Why is the U.S. Congress resistant to a robust international affairs budget, as shown by the more than $8.4 billion cuts to foreign aid spending in the U.S. fiscal 2011 budget deal? The head of a U.K.-based think tank notes that much of this resistance stems from a number of long-standing challenges, particularly the drive of the Republican Party, which controls the House of Representatives, for a smaller government.
Another factor is “bad messaging,” Lawrence Haddad of the Institute of Development Studies writes in his “Development Horizons” blog. A significant chunk of the U.S. public and some members of Congress think the U.S. spends 20 percent of its budget on aid when the actual spending is less than 1 percent of the federal budget, he says.
U.S. Agency for International Development Administrator Rajiv Shah and several U.S.-based development groups have also highlighted this misconception.
A third factor, according to Haddad, is the United States’ “military superpower stance.” He explains that supporters of the U.S. foreign aid budget usually have to defend the importance of aid programs to the country’s security in order to justify such spending.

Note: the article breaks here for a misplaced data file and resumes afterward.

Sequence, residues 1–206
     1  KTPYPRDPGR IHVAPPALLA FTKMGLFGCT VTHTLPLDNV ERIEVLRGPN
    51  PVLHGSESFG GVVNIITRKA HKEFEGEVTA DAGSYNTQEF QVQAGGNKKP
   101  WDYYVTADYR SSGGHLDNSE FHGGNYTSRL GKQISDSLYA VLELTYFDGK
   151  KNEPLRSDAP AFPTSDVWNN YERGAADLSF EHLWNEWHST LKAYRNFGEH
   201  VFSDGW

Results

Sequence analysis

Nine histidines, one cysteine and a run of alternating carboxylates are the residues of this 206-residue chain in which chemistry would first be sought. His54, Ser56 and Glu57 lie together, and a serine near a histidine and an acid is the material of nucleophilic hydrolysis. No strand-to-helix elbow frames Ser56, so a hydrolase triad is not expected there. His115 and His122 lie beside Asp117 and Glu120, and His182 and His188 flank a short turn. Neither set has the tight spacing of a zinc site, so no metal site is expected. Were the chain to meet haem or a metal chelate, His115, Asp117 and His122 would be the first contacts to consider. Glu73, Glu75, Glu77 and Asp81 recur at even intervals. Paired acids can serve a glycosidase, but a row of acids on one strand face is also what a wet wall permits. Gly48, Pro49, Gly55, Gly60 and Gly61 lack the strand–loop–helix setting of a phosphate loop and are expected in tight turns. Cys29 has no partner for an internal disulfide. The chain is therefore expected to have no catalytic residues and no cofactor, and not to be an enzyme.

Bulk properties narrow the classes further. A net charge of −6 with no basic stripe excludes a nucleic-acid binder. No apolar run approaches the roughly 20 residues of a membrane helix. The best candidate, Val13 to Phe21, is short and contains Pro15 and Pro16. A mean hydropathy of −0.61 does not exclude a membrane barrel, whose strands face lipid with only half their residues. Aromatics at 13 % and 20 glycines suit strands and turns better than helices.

“If one can make the case that aid prevents conflict and maintains (pro-development) stability, this might not be so restrictive, but then again if a country is pro-development, it will likely be less prone to such conflict,” Haddad explains.
Some aid efforts are also harder to sell to the U.S. public, Haddad notes. For instance, it is easier to get public support for global health programs than for initiatives toward hunger reduction, he notes.
Read more about U.S. development aid.